Grandpa got ran over by the DNR

French Island, Wisc. is no stranger to weird crimes involving chest freezers. The latest is a real head-scratcher involving the harrowing tale of an old man, buckets full of fish, and his weapons of choice: a flat bottom boat and a chest freezer.

The La Crosse Tribune reports:

An Onalaska angler faces a fine of up to $24,682 for exceeding the possession limit on Lake Onalaska and the Mississippi River. [emp. added]

A state Department of Natural Resources warden working undercover early Nov. 4 on Lake Onalaska saw 73-year-old Stanley Paalksnis keep at least 22 bluegills and five unidentified fish, according to records filed in La Crosse County Circuit Court.

He fished again that afternoon, collecting 25 bluegills. The daily limit is 25.

So old Stan is getting the book thrown at him for being too good at fishing. The DNR is also seeking to confiscate the weapons he used in the crime, his freezer and his 15-foot flat bottom boat.

All stories require context, and in this case, scofflaw Stan’s history is replete with getting busted for the high crime of catching more fish than the law allows. “The DNR issued Paalksnis seven citations for fishing over the limit between 1989 and 2011 in Buffalo and La Crosse counties. His fishing privileges were revoked twice,” the paper reports. He has no real crimes on his record.

If Lake Onalaska was so irreparably harmed by his years of scofflawism, how could he still be reeling in such big hauls?

I’ll admit – the guy has a record. And in the bigger picture, if everyone went over their bag limit all the time, the fish stock would plunge. Ol’ Stan isn’t above the law and should once again be subject to consequences for over-indulging his fishing habit.

This is obviously a guy who hasn’t learned from experience, and his fishing license should probably be permanently revoked. If busted fishing, he should pay a reasonable fine. The punishment should fit the crime – in this case, a victimless crime committed by an old man for whom fishing is like heroin.

The man is clearly a skilled angler (most people would pay money to hit their limit so often), but the paper also reported that the man’s freezer, after his house was raided by DNR agents, was found to contain just 150 fish fillets.

Really? That’s it? For the uninitiated, that’s 75 panfish – the product of a few good days of fishing. So the guy was hardly running an illegal fish-dealing ring out of the chest freezer in the basement.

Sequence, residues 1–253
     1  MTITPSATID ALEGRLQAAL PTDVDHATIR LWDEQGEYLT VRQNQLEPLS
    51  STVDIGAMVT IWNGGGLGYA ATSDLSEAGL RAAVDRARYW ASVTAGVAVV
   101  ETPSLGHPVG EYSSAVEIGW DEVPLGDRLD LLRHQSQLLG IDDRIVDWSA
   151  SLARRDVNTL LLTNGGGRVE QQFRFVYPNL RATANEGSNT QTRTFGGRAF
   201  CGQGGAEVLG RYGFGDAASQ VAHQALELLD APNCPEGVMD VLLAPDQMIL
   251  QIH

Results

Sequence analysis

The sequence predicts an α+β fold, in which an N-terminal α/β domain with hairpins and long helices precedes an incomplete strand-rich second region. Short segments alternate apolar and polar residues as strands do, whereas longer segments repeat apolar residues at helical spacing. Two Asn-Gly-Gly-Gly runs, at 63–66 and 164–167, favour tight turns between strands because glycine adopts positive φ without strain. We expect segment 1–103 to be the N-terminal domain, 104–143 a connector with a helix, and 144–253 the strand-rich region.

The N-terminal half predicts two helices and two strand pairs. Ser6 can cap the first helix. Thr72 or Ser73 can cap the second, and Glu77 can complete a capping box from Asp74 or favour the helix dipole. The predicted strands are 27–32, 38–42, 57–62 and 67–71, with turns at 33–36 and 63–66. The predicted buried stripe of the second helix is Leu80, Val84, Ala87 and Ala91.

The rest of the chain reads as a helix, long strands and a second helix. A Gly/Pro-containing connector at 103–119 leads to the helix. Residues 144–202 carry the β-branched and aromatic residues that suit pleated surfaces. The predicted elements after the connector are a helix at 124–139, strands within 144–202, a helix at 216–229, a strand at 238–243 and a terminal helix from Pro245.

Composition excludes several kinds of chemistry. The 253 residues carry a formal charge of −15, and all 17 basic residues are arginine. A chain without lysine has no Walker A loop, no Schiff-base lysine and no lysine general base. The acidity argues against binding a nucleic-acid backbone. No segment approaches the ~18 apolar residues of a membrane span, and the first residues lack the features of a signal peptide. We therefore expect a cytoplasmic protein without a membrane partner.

Reasonable people, and some unreasonable people, can agree that the fine is absurdly steep. Should he pay a fine? Yeah. But not twenty four grand.

Should the DNR be able to raid peoples’ homes? No, not unless the home contains a dairy farm nefariously leaking manure runoff into a creek.

Should they be able to confiscate the elderly man’s weapons of choice? No. What’s next? Are they going to confiscate his Fryin’ Magic and canola oil?

The DNR should find more important things to do than investigate fishermen, set up goofy sting operations, and pretend to be real cops pursuing real criminals by invading people’s homes in search of contraband bluegills.

I remember when a scofflaw old man going over his fishing limit would’ve been a laughable non-story met with a fine and some finger-wagging by the fishing cops. Now it’s an offense up there with dealing drugs and just a few notches below hiding your mom’s corpse in the freezer in order to intercept her Social Security checks.

The old saying goes, “There are plenty of fish in the sea.” Perhaps there are also too many dollars floating around the DNR coffers that could be better spent on rural broadband, education, or some other bipartisan priority.


About the writer: Chris Rochester is editor in chief of Morning Martini. He’s an armchair politico, veteran of several campaigns, and communications specialist. He's the communications director for the MacIver Institute. Commentary here is strictly his own.
  • Spyder357

    Your numbers are way low, they caught the guy with over 2000 fish.

    “In his boat and house, authorities found 2,066 bluegills, 418 perch and 88 crappies, reports stated. The possession limits are 50 each.”